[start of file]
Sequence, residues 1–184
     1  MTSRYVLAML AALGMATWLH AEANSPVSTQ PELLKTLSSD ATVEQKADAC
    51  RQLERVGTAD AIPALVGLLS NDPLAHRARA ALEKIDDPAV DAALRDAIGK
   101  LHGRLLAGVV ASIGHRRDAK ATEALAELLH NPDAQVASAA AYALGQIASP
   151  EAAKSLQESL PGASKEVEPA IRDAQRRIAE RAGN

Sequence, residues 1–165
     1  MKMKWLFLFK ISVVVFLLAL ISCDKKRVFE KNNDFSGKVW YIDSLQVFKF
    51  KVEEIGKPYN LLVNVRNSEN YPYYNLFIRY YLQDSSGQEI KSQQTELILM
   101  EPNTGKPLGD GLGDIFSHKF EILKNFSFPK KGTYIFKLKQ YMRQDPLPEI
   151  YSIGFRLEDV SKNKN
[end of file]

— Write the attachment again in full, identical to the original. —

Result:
Sequence, residues 1–184
     1  MTSRYVLAML AALGMATWLH AEANSPVSTQ PELLKTLSSD ATVEQKADAC
    51  RQLERVGTAD AIPALVGLLS NDPLAHRARA ALEKIDDPAV DAALRDAIGK
   101  LHGRLLAGVV ASIGHRRDAK ATEALAELLH NPDAQVASAA AYALGQIASP
   151  EAAKSLQESL PGASKEVEPA IRDAQRRIAE RAGN

Sequence, residues 1–165
     1  MKMKWLFLFK ISVVVFLLAL ISCDKKRVFE KNNDFSGKVW YIDSLQVFKF
    51  KVEEIGKPYN LLVNVRNSEN YPYYNLFIRY YLQDSSGQEI KSQQTELILM
   101  EPNTGKPLGD GLGDIFSHKF EILKNFSFPK KGTYIFKLKQ YMRQDPLPEI
   151  YSIGFRLEDV SKNKN